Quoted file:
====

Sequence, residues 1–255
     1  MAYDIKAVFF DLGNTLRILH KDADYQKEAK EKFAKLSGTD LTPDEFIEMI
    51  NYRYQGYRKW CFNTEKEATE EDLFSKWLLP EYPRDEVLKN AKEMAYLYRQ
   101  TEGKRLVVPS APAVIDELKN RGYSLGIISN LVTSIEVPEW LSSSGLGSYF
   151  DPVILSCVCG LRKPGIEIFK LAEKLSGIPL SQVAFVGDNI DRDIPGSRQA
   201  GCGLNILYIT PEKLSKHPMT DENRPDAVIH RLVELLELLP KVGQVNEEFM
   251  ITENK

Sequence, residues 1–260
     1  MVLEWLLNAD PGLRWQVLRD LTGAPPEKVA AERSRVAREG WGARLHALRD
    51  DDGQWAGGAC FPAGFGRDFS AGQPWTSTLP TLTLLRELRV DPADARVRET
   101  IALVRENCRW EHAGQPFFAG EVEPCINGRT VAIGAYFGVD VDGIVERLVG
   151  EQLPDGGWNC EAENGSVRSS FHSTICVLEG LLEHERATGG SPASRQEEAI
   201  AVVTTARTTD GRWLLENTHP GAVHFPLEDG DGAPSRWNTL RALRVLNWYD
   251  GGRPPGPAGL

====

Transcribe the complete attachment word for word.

Sequence, residues 1–255
     1  MAYDIKAVFF DLGNTLRILH KDADYQKEAK EKFAKLSGTD LTPDEFIEMI
    51  NYRYQGYRKW CFNTEKEATE EDLFSKWLLP EYPRDEVLKN AKEMAYLYRQ
   101  TEGKRLVVPS APAVIDELKN RGYSLGIISN LVTSIEVPEW LSSSGLGSYF
   151  DPVILSCVCG LRKPGIEIFK LAEKLSGIPL SQVAFVGDNI DRDIPGSRQA
   201  GCGLNILYIT PEKLSKHPMT DENRPDAVIH RLVELLELLP KVGQVNEEFM
   251  ITENK

Sequence, residues 1–260
     1  MVLEWLLNAD PGLRWQVLRD LTGAPPEKVA AERSRVAREG WGARLHALRD
    51  DDGQWAGGAC FPAGFGRDFS AGQPWTSTLP TLTLLRELRV DPADARVRET
   101  IALVRENCRW EHAGQPFFAG EVEPCINGRT VAIGAYFGVD VDGIVERLVG
   151  EQLPDGGWNC EAENGSVRSS FHSTICVLEG LLEHERATGG SPASRQEEAI
   201  AVVTTARTTD GRWLLENTHP GAVHFPLEDG DGAPSRWNTL RALRVLNWYD
   251  GGRPPGPAGL